Agreed. But it wasn't until a few days before I was going to post this article that we got a system that is comparable. So I kept the power consumption numbers for the next article. Reply
  • watersb - Wednesday, August 11, 2010 - link

    Wow, you IT Guys are a cranky bunch! :-)

    I am impressed with the vApus client-simulation testing, and I'm humbled by the complexity of enterprise-server testing complexity.

    A former sysadmin, I've been an ignorant programmer for lo these past 10 years. Reading all these comments makes me feel like I'm hanging out on the bench in front of the general store.

    Yeah, I'm getting off your lawn now...
  • Scy7ale - Wednesday, August 11, 2010 - link

    Does this also apply to consumer HDDs? If so is it a bad idea to have an intake fan in front of the drives to cool them as many consumer/gaming cases have now? Reply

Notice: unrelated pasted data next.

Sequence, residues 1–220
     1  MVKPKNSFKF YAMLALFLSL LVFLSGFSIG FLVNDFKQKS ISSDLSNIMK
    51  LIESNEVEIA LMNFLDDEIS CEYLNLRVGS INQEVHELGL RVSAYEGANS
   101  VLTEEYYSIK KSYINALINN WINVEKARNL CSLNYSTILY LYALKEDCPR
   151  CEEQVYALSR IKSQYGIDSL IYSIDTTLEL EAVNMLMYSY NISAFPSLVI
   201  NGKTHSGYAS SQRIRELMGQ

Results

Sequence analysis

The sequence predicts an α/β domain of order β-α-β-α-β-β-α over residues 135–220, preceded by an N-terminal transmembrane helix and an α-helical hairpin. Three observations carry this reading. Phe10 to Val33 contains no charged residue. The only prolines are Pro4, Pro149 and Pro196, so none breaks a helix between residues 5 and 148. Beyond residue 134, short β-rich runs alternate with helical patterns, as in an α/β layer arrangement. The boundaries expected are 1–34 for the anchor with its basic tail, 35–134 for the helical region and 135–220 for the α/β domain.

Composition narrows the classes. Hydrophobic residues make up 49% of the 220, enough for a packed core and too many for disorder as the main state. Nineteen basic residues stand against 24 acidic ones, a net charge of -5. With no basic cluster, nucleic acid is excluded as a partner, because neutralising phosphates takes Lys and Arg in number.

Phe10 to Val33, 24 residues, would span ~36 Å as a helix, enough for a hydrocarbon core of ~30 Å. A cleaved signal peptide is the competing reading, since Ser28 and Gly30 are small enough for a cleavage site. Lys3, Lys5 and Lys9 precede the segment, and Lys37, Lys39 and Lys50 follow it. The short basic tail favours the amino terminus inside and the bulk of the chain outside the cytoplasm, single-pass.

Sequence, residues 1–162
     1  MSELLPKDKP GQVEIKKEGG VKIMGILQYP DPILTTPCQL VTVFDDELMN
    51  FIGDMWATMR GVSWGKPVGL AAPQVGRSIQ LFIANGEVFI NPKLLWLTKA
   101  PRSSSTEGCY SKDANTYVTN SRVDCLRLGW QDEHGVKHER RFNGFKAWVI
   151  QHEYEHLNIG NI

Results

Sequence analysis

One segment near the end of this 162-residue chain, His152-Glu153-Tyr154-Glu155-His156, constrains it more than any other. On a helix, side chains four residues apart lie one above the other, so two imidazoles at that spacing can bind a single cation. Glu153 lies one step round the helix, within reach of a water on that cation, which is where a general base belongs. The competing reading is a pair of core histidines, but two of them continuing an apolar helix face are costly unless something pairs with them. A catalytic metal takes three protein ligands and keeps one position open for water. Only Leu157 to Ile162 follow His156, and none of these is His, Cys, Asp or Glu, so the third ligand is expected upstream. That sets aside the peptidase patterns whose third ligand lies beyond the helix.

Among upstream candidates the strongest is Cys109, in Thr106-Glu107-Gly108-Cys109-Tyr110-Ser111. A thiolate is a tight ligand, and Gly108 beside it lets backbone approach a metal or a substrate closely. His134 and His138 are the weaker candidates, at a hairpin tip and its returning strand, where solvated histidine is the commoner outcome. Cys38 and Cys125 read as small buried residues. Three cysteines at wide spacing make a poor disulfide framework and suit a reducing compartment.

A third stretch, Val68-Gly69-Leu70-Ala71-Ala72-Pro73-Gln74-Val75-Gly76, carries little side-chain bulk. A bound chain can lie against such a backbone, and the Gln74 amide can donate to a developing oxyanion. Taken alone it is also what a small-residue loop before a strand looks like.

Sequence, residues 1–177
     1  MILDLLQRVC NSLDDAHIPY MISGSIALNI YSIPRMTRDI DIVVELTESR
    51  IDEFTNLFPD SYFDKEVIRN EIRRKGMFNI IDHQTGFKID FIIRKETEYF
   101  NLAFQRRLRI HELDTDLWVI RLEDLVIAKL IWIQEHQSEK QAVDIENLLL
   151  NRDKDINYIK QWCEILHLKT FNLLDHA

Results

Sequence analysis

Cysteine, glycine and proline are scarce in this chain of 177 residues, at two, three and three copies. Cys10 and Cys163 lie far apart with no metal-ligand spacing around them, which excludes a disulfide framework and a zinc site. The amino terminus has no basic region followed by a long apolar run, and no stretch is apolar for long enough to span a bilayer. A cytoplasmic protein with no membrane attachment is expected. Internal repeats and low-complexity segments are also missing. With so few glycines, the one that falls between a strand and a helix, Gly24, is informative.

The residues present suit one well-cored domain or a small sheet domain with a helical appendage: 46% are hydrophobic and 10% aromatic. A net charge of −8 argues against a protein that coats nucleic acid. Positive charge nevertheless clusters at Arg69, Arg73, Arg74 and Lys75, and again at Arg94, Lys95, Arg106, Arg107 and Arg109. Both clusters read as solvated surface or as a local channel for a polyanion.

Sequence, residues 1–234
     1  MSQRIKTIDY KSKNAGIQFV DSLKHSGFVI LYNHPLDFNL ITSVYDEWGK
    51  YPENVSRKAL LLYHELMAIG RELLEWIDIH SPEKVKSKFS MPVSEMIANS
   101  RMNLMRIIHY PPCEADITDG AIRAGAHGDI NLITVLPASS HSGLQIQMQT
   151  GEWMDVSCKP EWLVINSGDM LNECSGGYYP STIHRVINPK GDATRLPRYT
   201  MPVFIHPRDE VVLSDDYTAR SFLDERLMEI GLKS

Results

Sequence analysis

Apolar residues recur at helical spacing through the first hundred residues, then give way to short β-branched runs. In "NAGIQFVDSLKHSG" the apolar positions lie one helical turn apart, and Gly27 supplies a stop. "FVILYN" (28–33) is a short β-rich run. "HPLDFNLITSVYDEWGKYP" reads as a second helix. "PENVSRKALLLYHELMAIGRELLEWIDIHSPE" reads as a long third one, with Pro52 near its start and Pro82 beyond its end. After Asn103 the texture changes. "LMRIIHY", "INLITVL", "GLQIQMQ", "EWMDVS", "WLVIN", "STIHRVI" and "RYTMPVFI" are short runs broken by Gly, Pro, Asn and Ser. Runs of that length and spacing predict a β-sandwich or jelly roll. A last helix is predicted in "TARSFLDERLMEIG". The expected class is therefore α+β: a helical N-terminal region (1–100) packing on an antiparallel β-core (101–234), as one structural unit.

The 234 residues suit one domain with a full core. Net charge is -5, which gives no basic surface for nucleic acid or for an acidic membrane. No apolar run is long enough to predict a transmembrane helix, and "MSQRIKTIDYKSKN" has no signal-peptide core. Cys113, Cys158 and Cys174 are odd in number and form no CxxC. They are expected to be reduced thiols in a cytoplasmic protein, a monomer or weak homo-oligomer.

• JohanAnandtech - Thursday, August 12, 2010 - link

    Cold air comes from the bottom of the server aisle, sometimes as low as 20°C (68F) and gets blown at high speed over the disks. Several studies now show that this is not optimal for a HDD. In your desktop, the temperature of the air that is blown over the hdd should be higher, as the fans are normally slower. But yes, it is not good to keep your harddisk at temperatures lower than 30 °C . use hddsentinel or speedfan to check on this. 30-45°C is acceptable. Reply
  • Scy7ale - Monday, August 16, 2010 - link

    Good to know, thanks! I don't think this is widely understood. Reply
  • brenozan - Thursday, August 12, 2010 - link
    2 sockets =~ 153GHz
    4 sockets =~ 306GHz
    Like the T1, the T2 supports the Hyper-Privileged execution mode. The SPARC Hypervisor runs in this mode and can partition a T2 system into 64 Logical Domains, and a two-way SMP T2 Plus system into 128 Logical Domains, each of which can run an independent operating system instance.

    why SUN did not dominate the world in 2007 when it launched the T2? Besides the two 10G Ethernet builtin processor they had the most advanced architecture that I know, see in